Whiddon (1953) and Foley (1966) also believed that the presence of the foreskin made sexual penetration easier.
Gairdner (1949) states that the foreskin protects the glans but some studies show that inflammation of the glans is more common when the foreskin is present.
The fold of the prepuce maintains sub-preputial wetness, which mixes with exfoliated skin to form smegma. Some authors believe that smegma contains antibacterial enzymes, though their theory has been challenged. The American Academy of Pediatrics state that "No controlled scientific data are available regarding differing immune function in a penis with or without a foreskin." Inferior hygiene has been associated with balanitis, though excessive washing can cause non-specific dermatitis.
Frenulum breve is where the frenulum is insufficiently long to allow the foreskin to fully retract, which may lead to discomfort during intercourse. The frenulum may also tear during intercourse. Phimosis is a condition when the foreskin of an adult cannot be retracted properly. (Before adulthood, the foreskin may still be separating from the glans.) Phimosis can be treated by gently stretching the foreskin, by changing masturbation habits, using topical steroid ointments, preputioplasty, or by circumcision.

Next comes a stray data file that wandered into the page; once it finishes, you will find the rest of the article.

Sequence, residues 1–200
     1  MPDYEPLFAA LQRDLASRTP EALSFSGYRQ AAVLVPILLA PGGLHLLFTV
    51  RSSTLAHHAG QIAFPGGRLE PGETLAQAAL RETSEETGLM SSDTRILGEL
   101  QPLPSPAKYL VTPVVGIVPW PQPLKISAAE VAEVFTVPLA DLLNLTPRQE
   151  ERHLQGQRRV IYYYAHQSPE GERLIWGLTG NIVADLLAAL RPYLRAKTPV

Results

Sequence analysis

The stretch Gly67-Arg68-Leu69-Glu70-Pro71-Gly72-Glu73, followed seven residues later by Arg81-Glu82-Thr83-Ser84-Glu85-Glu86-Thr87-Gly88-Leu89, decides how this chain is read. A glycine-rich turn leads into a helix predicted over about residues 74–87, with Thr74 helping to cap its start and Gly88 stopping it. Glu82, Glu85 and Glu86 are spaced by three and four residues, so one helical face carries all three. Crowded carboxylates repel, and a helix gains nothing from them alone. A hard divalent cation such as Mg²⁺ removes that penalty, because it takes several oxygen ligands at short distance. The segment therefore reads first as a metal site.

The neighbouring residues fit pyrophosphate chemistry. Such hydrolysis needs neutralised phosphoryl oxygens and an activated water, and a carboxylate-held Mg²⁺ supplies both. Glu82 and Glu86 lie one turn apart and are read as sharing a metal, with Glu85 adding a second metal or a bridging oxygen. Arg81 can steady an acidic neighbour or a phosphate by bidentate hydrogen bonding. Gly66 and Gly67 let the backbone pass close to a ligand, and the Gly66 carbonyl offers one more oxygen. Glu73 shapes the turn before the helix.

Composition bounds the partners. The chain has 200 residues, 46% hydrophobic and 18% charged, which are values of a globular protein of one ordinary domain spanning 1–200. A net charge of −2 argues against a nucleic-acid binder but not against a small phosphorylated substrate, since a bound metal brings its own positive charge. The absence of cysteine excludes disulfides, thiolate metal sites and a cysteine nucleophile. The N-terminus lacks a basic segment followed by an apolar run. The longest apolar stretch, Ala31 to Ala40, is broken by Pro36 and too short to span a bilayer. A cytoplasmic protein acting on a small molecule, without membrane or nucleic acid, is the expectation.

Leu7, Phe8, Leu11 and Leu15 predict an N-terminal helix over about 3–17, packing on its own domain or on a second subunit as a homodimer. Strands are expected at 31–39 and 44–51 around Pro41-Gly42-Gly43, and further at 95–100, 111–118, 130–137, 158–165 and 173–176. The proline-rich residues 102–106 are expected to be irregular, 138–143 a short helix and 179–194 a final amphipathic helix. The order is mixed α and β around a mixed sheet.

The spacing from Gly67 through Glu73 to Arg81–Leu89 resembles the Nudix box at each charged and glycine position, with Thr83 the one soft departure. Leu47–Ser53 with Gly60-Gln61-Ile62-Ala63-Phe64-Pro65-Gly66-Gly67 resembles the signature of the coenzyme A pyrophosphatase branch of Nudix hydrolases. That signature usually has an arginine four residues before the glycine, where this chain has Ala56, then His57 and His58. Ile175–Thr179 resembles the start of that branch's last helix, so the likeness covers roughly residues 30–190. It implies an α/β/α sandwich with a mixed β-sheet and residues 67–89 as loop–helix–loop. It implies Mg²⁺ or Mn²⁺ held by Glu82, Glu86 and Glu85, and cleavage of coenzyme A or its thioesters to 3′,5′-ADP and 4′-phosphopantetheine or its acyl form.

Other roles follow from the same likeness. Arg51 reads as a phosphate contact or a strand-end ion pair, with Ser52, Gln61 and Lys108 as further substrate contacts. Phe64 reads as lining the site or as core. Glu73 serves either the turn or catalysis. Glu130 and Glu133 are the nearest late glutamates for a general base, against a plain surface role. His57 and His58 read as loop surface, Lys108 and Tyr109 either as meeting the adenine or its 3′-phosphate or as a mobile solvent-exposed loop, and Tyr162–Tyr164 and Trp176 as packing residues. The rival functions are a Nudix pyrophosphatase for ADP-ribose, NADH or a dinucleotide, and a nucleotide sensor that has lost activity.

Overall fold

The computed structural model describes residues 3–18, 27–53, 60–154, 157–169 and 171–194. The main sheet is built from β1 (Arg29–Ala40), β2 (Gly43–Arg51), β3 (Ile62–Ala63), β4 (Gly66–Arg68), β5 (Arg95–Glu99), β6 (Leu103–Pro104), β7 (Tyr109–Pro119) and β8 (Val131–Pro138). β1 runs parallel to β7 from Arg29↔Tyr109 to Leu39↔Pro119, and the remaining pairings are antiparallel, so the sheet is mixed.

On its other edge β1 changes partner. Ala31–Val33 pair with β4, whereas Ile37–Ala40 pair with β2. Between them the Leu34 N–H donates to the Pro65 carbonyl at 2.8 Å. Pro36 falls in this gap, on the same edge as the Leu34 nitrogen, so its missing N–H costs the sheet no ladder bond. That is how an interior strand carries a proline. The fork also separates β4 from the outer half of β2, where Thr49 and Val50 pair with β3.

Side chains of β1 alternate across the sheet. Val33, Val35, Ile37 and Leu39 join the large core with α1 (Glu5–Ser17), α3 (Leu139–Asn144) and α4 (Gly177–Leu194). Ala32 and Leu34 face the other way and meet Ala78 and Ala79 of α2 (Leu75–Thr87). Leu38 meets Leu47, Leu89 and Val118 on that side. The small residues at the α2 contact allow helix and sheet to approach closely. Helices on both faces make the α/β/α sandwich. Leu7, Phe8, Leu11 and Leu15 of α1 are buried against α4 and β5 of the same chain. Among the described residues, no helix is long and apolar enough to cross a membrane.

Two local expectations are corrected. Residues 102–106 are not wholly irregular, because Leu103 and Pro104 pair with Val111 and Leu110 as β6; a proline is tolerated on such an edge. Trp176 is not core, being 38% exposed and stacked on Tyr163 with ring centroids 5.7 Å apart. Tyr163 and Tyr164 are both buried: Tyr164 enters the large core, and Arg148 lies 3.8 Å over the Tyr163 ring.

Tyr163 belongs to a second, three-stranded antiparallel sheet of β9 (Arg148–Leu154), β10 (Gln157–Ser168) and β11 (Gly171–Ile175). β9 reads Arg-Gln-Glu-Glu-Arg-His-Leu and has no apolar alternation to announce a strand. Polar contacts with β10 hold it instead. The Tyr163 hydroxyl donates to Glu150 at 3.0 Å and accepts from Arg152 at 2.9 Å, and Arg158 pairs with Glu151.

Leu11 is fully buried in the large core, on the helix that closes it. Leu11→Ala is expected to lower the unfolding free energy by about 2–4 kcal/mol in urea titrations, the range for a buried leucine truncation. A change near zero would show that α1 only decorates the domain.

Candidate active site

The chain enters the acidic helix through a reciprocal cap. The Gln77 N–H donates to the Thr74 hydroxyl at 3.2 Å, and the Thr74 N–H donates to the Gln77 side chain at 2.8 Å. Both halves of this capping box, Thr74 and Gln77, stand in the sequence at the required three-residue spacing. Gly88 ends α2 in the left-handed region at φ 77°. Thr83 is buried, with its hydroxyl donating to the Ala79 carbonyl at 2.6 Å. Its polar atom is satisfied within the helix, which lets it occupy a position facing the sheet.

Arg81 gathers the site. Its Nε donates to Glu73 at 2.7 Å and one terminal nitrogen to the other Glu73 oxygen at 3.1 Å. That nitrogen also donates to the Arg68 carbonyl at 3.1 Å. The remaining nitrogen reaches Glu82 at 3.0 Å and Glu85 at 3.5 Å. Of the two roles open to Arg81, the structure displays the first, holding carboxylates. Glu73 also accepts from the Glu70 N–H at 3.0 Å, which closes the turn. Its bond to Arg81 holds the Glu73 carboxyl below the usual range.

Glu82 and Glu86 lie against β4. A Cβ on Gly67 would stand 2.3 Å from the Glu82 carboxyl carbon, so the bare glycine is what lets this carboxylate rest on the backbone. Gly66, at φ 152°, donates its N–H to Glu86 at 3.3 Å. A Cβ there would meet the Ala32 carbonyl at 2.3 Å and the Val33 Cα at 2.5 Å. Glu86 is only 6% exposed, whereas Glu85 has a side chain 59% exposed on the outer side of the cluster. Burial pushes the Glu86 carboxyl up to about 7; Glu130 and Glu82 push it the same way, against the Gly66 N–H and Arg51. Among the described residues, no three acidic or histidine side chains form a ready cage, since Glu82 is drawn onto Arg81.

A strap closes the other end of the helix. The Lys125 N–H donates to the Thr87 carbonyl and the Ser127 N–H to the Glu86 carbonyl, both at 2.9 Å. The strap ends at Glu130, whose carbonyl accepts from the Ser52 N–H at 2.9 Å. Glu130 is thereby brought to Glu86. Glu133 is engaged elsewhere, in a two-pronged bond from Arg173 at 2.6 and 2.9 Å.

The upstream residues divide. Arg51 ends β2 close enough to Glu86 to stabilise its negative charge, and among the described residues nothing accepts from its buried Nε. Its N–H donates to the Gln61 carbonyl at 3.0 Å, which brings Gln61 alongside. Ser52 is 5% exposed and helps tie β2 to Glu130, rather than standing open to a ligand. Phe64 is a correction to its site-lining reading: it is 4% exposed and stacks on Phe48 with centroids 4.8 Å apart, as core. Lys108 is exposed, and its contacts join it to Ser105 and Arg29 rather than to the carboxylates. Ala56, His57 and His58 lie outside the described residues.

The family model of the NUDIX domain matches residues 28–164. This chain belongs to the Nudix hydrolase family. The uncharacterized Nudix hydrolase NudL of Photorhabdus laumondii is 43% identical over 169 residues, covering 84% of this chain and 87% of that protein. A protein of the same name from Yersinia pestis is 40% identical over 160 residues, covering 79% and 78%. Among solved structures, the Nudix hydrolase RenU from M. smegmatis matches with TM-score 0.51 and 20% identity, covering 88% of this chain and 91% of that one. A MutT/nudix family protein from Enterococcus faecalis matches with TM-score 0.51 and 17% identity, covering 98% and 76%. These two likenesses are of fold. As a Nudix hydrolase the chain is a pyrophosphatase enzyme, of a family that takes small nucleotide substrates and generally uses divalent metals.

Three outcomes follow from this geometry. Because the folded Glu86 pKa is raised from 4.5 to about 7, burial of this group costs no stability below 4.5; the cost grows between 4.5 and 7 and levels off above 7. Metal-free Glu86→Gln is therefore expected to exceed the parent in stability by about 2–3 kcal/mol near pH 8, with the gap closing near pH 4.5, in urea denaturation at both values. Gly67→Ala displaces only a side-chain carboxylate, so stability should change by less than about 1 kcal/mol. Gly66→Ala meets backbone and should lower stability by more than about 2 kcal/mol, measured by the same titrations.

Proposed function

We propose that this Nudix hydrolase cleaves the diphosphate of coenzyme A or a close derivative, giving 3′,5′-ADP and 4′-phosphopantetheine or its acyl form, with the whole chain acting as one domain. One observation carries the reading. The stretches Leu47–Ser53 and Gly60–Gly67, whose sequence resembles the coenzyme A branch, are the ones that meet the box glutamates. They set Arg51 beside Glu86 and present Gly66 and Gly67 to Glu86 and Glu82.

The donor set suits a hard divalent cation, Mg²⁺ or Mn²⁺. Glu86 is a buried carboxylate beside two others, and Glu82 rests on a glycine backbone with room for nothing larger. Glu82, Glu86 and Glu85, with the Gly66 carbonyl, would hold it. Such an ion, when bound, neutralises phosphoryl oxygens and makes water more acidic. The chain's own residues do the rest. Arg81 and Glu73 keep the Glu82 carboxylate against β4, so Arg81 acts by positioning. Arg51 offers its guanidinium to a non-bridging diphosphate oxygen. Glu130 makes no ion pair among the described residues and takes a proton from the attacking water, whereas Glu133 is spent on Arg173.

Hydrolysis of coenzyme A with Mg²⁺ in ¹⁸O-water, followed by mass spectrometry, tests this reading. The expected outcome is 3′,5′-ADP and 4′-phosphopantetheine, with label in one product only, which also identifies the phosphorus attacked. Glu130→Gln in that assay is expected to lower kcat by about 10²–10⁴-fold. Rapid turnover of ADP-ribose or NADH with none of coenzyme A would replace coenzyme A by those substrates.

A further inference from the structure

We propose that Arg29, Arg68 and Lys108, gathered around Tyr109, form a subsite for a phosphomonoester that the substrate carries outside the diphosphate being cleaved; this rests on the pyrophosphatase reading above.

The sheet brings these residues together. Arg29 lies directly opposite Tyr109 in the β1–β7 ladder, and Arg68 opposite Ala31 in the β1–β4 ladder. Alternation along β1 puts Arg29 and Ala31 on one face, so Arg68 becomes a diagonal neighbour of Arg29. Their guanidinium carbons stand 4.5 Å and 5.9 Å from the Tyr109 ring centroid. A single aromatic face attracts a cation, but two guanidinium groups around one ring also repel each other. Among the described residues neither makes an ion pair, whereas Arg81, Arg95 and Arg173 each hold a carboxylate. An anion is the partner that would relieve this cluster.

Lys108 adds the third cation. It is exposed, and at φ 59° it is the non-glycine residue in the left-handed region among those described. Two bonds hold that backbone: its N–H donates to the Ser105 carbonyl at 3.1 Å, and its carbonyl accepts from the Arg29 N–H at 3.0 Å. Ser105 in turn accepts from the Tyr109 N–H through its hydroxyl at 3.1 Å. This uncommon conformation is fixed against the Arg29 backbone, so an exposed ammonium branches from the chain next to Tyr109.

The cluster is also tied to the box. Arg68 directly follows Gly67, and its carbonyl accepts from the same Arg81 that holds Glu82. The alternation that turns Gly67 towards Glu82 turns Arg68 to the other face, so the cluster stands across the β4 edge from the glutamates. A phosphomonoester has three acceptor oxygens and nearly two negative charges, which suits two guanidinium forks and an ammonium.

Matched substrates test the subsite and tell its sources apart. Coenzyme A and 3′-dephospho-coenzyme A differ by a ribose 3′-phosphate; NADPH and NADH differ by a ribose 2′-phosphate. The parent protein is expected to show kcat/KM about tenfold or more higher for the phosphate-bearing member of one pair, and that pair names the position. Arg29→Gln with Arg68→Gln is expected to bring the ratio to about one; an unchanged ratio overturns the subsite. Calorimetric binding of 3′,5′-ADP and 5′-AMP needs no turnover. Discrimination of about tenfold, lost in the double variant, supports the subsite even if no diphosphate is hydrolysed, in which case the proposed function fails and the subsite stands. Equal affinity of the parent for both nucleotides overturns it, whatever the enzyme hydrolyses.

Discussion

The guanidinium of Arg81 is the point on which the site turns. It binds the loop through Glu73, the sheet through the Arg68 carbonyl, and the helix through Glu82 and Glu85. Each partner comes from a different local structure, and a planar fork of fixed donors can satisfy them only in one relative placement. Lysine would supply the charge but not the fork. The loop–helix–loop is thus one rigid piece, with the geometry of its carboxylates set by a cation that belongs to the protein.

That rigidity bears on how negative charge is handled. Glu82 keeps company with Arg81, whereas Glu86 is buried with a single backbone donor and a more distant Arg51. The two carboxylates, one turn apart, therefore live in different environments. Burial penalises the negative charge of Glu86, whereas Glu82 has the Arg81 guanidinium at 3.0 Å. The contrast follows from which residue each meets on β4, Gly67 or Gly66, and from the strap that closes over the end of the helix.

Non-retractable foreskin is not always indicative of a clinical condition. The first time the foreskin retracts (say during masturbation or sex) can be a slightly painful experience, as the glans penis is not used to friction and air contact. However the problem resolves itself after a few days of acclimatization, which may include consciously retracting the foreskin and exposing it to air, water, or friction. A condition called paraphimosis may occur if a tight foreskin becomes trapped behind the glans and swells as a restrictive ring. This can cut off the blood supply, resulting in ischaemia of the glans penis.